After winning the Gagarin Cup with his KHL team, Ak Bars Kazan, Andrei Markov’s career with the Montreal Canadiens is officially over. Only a few months shy of his 40th birthday, a return to the Habs is not likely. There was a public outcry when he was not signed last year, but was this support consistent? Few fans disputed his skills as a player, but some downplayed his achievements because he did not hoist a Stanley Cup or win a Norris trophy. Others pointed out the number of games missed due to injury but failed to acknowledge his subsequent comeback.
Once dubbed the “Flying Frenchmen” for their goal-scoring prowess, the Canadiens have focused more on defense in recent years and many Habs’ rearguards are as much the focus of attention as their greatest scorers. So where do we place Markov? While he never became team captain, the quiet Russian’s leadership on and off the ice and his influence on younger players was unassailable, earning him the nickname “The General.” To fully appraise him, Markov must be evaluated in the context of his team and his era.
Markov’s Numbers Don’t Lie
A university study suggested that NHL defenseman perform close to or at their peak between the ages of 24 and 34. When Markov was cut by the blade of Carey Price’s skate in October 2009, it seemed to set off a chain of unfortunate injuries resulting in his absence for 181 regular season games over the next three seasons. To make matters worse, the NHL lockout pre-empted the beginning of the 2012-13 season where, after a resolution, a shortened 48-game schedule was played.
Essentially during the tail end of his peak years, Markov missed the equivalent of over two full seasons and could not contribute in a leading role to his team’s success. This was apparent when he was injured during the 2010-11 Stanley Cup playoffs and did not play against the Philadelphia Flyers in the Conference Final. A healthy Markov might have been the key to shutting down Jeff Carter, Claude Giroux, and Scott Hartnell.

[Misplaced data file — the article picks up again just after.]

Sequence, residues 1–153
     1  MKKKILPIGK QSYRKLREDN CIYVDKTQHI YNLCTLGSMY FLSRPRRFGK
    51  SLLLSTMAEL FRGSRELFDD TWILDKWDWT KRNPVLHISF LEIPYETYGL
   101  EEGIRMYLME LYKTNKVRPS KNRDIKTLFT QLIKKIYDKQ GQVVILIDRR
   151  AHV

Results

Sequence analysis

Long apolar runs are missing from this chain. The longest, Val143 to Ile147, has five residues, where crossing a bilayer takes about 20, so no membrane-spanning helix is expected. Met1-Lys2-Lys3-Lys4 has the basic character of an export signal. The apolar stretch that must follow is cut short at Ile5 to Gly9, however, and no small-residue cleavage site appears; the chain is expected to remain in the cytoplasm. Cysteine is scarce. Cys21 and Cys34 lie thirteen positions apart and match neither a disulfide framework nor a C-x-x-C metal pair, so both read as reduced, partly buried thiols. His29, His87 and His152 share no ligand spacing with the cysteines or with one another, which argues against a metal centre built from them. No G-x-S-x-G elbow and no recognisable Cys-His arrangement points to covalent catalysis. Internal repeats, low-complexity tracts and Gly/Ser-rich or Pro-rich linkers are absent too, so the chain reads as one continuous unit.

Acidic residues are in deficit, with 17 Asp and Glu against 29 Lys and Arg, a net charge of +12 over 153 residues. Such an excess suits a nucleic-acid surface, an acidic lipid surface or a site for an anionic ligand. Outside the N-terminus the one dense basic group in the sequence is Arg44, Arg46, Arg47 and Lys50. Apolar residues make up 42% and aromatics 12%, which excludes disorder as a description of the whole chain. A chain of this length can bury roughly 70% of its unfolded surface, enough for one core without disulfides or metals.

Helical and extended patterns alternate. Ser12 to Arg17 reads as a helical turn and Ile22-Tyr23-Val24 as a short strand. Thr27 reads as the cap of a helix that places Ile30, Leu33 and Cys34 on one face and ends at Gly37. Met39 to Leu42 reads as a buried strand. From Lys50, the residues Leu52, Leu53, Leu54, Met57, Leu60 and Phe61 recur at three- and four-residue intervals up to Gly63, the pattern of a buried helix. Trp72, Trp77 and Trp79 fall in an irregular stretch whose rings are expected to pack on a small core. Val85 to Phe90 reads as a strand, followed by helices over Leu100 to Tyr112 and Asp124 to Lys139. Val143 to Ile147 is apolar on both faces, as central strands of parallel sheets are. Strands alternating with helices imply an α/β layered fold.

Despite this, Markov is tied with Guy Lapointe for second place in career points among Canadiens’ defensemen and third in goals scored behind Lapointe and Larry Robinson. He accomplished this in an era when scoring declined by almost a goal a game compared to the period from 1985 to 1994. Overall he is 42nd among all defensemen in points, behind many who reached their peak during that high-scoring era.
Placing Markov Alongside the “Big Three”
Larry Robinson, Guy Lapointe and Serge Savard anchored the Canadiens’ defense for almost a decade in the 1970’s when the team won six Stanley Cups. Known as the “big three,” they accounted for a significant portion of the Habs’ offense while ensuring few pucks reached stellar goaltender Ken Dryden.
Like a good marriage, they also had each other, and when one faltered another could rise to the occasion to pick up the slack. They were part of a team bursting with talent reminiscent of the great Habs teams of the previous two decades. It was an elite club of elite players.
Markov had no such advantage, becoming a regular in 2001-02, the season after the Habs missed the playoffs for a third straight year. General manager André Savard was determined to build a winning team and the young defender soon became a key regular in the lineup.